[Screen It]


(2018) (Steve Carell, Timothee Chalamet) (R)

Read Our Full Content Movie Review for Parents

Drama: A father tries to help his drug-addicted son before it's too late.
David Sheff (STEVE CARELL) writes freelance articles for magazines but his focus of recent has mostly turned to his son, Nic (TIMOTHEE CHALAMET). And that's because the older teenager is a drug addict, mainly addicted to crystal meth. With his ex-wife, Vicki (AMY RYAN), living far away and having little contact with their son, David leans on his second wife, Karen (MAURA TIERNEY) -- with whom he has two young kids, Jasper (CHRISTIAN CONVERY) and Daisy (OAKLEY BULL) -- for emotional support.

But even that doesn't help as heart-to-heart conversations and even having Nic go through rehab doesn't seem to do any good, what with him repeatedly returning to his use, including with his on-again, off-again girlfriend, Lauren (KAITLYN DEVER). Realizing time might be running out for his son, David tries to do whatever he can to save him, even while that's putting a strain on his life and family at home.

OUR TAKE: 6 out of 10
I'm always amazed at what external/outside factors many people worry about that they believe are going to kill them when, far more often than not, it's what they put in their own bodies that's probably going to lead to their early demise.

Yes, all sorts of things can call in a visit from the Grim Reaper, but heart disease is still the number one killer in the U.S. (mostly attributed to bad diets) while an alarming rise is coming from drug overdoses. According to government reports, more than 72,000 Americans died from taking too many illegal and pharmaceutical drugs in 2017 and that number has been steadily climbing for years.

And the problem is that while your favorite candy might be addictive, such drugs are far more effective in gaining near-complete control over their victims' physiological and psychological systems. Once they have their hook in you, it's incredibly hard to break free from them, which is an incredibly depressing reality.

Speaking of the latter, films about such matters usually can be described in the same or similar ways and that's clearly true for the latest such offering, "Beautiful Boy." It's the big-screen combo adaptation of David Sheff's 2008 memoir "Beautiful Boy: A Father's Journey Through His Son's Addiction" and 2007's "Tweak: Growing Up on Methamphetamines" by Nic Sheff.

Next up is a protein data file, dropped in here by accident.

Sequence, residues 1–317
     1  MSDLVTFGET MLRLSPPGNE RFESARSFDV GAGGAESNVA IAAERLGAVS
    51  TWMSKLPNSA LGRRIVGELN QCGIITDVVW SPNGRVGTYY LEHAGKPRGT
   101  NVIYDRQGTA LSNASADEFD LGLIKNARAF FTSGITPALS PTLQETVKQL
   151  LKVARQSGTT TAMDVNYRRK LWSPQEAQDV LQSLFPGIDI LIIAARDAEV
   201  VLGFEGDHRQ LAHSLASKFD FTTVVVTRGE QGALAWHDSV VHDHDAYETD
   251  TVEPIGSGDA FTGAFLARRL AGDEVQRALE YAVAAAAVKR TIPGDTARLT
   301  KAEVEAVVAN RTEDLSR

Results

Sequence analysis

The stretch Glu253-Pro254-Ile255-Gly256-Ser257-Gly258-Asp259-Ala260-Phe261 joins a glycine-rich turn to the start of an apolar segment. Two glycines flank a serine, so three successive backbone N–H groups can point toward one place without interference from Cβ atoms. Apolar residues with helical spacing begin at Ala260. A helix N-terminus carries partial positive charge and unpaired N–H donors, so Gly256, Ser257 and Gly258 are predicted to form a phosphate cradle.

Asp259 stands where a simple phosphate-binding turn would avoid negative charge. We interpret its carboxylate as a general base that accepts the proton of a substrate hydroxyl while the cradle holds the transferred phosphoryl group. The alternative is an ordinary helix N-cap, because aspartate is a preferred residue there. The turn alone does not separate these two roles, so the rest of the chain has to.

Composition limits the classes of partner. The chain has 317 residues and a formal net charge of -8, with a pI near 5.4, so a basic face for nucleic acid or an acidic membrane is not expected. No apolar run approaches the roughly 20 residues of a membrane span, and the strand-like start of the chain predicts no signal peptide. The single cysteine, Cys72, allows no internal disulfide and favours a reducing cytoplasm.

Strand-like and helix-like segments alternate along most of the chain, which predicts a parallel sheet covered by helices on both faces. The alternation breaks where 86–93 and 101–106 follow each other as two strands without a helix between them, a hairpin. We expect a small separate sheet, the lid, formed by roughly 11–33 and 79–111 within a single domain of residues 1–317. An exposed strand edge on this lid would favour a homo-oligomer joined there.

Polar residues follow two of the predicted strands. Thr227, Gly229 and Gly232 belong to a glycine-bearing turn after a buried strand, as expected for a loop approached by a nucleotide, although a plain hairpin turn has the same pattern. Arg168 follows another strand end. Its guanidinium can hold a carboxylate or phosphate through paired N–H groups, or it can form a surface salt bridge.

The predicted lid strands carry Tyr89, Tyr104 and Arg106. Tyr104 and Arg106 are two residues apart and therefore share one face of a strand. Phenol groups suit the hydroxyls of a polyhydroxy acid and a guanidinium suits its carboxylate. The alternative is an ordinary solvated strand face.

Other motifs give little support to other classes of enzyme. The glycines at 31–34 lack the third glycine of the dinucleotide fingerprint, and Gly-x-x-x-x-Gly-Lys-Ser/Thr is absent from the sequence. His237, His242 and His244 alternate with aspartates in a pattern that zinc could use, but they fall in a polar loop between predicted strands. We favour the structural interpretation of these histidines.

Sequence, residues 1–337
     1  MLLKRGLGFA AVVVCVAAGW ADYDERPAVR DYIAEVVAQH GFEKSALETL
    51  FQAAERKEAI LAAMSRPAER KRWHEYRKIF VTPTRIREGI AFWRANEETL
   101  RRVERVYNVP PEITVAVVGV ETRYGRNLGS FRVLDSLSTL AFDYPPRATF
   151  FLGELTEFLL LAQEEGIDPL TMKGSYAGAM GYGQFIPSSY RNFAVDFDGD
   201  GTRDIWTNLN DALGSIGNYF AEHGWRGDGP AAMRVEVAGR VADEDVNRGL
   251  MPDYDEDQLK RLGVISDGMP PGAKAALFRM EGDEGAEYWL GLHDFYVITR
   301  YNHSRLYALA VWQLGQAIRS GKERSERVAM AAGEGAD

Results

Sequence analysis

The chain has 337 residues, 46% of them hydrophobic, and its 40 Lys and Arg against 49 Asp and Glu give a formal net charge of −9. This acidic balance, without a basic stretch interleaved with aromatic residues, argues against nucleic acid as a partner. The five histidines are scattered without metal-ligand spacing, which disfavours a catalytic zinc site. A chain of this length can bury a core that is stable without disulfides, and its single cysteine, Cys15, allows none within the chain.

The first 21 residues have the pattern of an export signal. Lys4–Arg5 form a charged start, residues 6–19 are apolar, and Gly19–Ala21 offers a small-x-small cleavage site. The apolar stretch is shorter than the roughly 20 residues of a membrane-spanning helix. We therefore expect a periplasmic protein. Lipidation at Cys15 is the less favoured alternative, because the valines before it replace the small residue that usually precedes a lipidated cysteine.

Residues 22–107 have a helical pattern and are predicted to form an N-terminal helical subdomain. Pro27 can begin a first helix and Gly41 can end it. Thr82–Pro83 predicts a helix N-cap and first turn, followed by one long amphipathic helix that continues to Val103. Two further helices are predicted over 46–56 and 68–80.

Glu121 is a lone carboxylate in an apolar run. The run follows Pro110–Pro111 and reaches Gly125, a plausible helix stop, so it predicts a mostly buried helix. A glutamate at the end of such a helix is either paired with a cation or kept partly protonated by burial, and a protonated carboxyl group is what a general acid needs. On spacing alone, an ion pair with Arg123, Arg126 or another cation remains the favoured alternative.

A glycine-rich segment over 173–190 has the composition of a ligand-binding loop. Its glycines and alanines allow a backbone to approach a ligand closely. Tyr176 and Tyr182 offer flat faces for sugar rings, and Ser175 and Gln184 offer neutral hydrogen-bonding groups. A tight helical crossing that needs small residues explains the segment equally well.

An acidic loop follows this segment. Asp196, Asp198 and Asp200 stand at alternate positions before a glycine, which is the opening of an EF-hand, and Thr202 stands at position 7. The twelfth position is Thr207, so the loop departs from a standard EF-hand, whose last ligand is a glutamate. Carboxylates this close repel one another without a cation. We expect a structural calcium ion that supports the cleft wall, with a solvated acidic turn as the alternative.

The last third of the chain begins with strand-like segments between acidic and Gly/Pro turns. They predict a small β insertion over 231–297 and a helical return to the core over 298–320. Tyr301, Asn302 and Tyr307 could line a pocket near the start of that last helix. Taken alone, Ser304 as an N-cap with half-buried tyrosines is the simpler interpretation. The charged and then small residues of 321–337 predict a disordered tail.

It stars Steve Carell as David and Timothée Chalamet as Nic, a father-son duo who are being severely affected by the latter's drug addiction. Like any parent in such a situation, Carell's character wonders how and why this could happen to his son -- thinking they had a good parent-child relationship before this began -- and what he can do about it now.

The film -- directed by Felix van Groeningen from a script he co-wrote with Luke Davies -- details their ordeal over a bit more than a year's worth of time and how it affects David's second wife (Maura Tierney) and their two young kids (Christian Convery and Oakley Bull) as well as David's ex (Amy Ryan) who's been out of the picture for a while.

Rather than tell this tale in an A to Z fashion, van Groeningen has opted to jump around through time, not only in the parameters of the main story, but also various flashbacks to better moments in their lives. Occasionally, especially early on, that's a little bit confusing as we're not always sure what time frame we're seeing. I'm guessing the filmmaker likely sensed he needed to try to spruce up - or at least break up -- what otherwise seemed like an all-too-familiar and certainly depressing plot trajectory.

It's also seemingly done to show that no matter how good or even great a parent you might be, sometimes your kid is going to disappoint or even shock you by behavior that seems to come out of the blue. That's somewhat hammered home by the inclusion of the hauntingly bittersweet, kids-grow-up-so-fast "Fiddler on the Roof" parenting ballad, "Sunrise Sunset."

So, what we're left with is a downer flick that features good performances from all involved, but ends up as one of those movies you'll never want to watch again. But it does serve as a cautionary tale, albeit one without any real answers or solutions, about the dangers of a growing epidemic in America. "Beautiful Boy" rates as a 6 out of 10.

Reviewed October 28, 2018 / Posted November 2, 2018

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